It also was clear from my reading of the peer reviewed research that smokers with COVID-19 were 2.4 times more likely to go to the ICU, be intubated, or die with complications from COVID-19 than non-smokers. Clearly, now more than ever, patients should be encouraged to make healthy lifestyle choices such as stopping smoking. Implying smoking was protective from COVID-19 was not only premature and likely incorrect but also harmful. Smoking is the leading cause of preventable death in the U.S. and the world and causes far more morbidity and mortality than COVID-19. I have seen these same misleading popular press articles in the cannabis discussion as well.
It is imperative that we as physicians are able to understand and interpret scientific literature through the appropriate lens of the education we were able to receive.
By Vinh Chung, MD, Dermatologist/Mohs Surgeon, Colorado Springs
The patient-doctor relationship has been ingrained through our long medical training and remains at the center of our decisions in daily practice. Based upon trust, this relationship demands that we make decisions that are always in the best interest of the patient. The coronavirus pandemic has brought to the forefront another type of critical relationship – the staff-doctor relationship. While antagonistic staff-doctor relationships are notoriously common and can drive physicians to burnout, they do not have to be this way. When healthy, the doctor’s relationship with staff can be an incredible source of pride and joy.
After executive orders suddenly limited medical services and procedures, the revenues of our medical practice dipped by 90 percent. This unsustainable situation had no end in sight. The cash reserves in our practice were bleeding out and would be depleted if changes were not made immediately. Even before any federal loans or financial assistance became available, our leadership team took action.
We committed to follow our motto that “leaders eat last.” Financial setbacks are scary for everyone, but we recognized that our hourly employees have it much worse. They need their paychecks to buy groceries and to pay rent, so we committed to protect them. Starting from the top down, our executive team took an 80-100 percent cut in our salaries. The rest of the medical providers also voluntarily took significant pay cuts. After we announced our decision, other staff members stepped up and followed suit. Our managers asked to “work more and get paid less.” Some staff members even volunteered to work for free. Across our medical practice, team members who earned the most sacrificed in order to protect those who earned the least.
Watching our team members care for each other is an incredibly beautiful moment that I’ll never forget. I’ve always been proud of our staff because of their excellent work. This time I’ve been humbled by their character. Generosity, selflessness, and the desire to protect one another flourished and became so much more contagious than fear or self-preservation.
Our practice has since received the Medicare stimulus payment and funding from the Paycheck Protection Program, which will buy us more time as we ride out the pandemic. While we had to accelerate departures for team members who were already transitioning out, we have not had to lay anyone off. Two-thirds of our tribe volunteered to furlough, cut pay or reduce hours. There are glimpses of light at the end of the tunnel, and we really do believe we can make it through this crisis with our entire team intact. When we make it to the other side, we plan to restore everyone’s pay and hours in the reverse order from bottom to top. The leaders will eat last.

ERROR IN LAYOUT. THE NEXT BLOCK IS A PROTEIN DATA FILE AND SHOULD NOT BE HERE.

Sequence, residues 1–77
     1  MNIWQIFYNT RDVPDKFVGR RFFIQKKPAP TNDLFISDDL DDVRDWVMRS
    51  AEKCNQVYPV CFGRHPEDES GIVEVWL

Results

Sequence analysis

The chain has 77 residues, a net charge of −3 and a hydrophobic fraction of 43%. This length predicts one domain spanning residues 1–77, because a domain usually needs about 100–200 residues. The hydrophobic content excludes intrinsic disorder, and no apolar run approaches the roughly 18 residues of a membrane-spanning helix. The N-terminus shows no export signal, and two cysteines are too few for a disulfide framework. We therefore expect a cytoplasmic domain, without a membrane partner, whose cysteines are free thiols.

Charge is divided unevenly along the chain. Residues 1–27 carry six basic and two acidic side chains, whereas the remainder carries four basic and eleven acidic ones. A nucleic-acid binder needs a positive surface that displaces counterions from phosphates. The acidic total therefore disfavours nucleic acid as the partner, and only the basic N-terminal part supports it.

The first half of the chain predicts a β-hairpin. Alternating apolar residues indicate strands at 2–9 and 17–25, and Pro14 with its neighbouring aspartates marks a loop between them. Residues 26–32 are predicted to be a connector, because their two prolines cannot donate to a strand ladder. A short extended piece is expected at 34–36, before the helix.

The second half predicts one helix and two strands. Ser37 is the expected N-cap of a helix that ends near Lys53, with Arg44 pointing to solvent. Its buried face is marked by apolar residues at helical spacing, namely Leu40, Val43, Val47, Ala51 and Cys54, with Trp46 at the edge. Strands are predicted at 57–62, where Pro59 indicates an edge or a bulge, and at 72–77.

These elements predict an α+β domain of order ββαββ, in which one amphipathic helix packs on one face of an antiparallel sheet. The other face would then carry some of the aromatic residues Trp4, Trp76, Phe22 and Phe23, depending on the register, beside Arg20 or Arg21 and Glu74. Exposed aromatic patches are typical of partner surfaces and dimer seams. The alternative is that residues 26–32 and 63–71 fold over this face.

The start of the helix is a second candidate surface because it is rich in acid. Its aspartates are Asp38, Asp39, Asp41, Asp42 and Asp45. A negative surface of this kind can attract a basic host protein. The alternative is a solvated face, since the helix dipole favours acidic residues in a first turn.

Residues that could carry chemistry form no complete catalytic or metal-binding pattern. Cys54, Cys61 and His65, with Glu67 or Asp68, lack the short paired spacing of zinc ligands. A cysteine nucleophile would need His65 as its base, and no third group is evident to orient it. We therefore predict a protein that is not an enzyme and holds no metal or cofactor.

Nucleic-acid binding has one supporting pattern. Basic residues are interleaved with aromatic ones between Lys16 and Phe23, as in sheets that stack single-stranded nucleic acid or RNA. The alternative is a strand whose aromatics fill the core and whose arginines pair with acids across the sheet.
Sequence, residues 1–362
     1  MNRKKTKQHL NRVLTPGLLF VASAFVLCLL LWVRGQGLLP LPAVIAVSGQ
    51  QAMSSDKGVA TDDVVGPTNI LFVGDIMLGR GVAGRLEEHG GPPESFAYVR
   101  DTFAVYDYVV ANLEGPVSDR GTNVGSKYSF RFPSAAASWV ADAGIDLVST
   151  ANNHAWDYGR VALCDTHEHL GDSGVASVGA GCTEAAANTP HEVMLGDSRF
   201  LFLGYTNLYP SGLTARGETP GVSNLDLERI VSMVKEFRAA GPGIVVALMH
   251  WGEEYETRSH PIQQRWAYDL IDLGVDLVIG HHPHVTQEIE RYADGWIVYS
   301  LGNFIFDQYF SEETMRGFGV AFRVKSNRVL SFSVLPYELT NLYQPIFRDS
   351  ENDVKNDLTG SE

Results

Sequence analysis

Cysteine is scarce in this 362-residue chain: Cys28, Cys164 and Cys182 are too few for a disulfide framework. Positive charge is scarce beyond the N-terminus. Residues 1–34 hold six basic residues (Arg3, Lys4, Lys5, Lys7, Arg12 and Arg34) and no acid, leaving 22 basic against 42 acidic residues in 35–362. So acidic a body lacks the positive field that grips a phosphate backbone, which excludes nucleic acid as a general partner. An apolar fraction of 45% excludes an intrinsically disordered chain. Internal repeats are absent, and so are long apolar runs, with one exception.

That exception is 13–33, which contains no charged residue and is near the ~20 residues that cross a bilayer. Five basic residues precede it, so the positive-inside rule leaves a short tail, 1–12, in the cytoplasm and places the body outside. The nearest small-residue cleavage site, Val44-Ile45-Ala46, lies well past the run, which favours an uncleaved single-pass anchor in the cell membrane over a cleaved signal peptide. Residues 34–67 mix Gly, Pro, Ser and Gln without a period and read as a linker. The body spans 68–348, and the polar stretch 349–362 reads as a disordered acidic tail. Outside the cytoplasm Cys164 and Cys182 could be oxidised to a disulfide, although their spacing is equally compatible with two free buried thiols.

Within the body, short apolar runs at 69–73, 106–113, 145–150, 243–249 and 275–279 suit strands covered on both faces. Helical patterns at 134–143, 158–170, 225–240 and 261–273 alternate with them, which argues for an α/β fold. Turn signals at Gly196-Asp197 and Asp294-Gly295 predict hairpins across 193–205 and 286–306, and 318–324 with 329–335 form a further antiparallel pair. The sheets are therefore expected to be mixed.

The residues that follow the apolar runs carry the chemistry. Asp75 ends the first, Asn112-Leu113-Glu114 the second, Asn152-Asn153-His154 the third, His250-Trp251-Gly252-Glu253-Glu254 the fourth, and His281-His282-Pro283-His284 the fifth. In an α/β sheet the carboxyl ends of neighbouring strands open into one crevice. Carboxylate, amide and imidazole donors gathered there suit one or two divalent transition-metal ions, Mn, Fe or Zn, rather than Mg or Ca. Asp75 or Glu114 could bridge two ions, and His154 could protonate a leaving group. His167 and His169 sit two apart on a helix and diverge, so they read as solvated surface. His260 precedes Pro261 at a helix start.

Similar to the patient-doctor relationship, the physician’s relationship with staff is based upon trust that must be earned. When trust is absent, any relationship can become a thorn in our side or an obstacle we must work around. These unhealthy relationships with staff and administrators are often the root cause of physician burnout. They must be addressed if physicians want to have fulfilling careers.
There is no better way to earn trust than to walk with our staff through a crisis. When our staff know that we are willing to protect them, they will do the same for us. And I believe wholeheartedly that in the long run, our patients will be better cared for as a result.
Vinh Chung, MD, works for Vanguard Skin Specialists in Colorado Springs, Colo. He has a passion for instilling meaning and purpose into the workplace. He can be reached at [email protected].
The following poem is offered for inspiration during the COVID-19 pandemic.
Author: Monica Anita Gupta
The sun is rising with each shivering step I take.
It’s still dark out, but I see pink creeping into the blue:
spring pastels to match the canary yellow gowns inside.
Cotton candy dreams. A veneer of peace.
A flock of birds welcomes it in, nibbling,
eager for a taste of life,
thirsty for the warmth of sun.
Show me how you fly, you birds.
How, on little nibbles, you get by,
consuming little, yet soaring
long and wide and far and singing,
enthused about the dawn you’re bringing,
with faith in the power of the morning sun.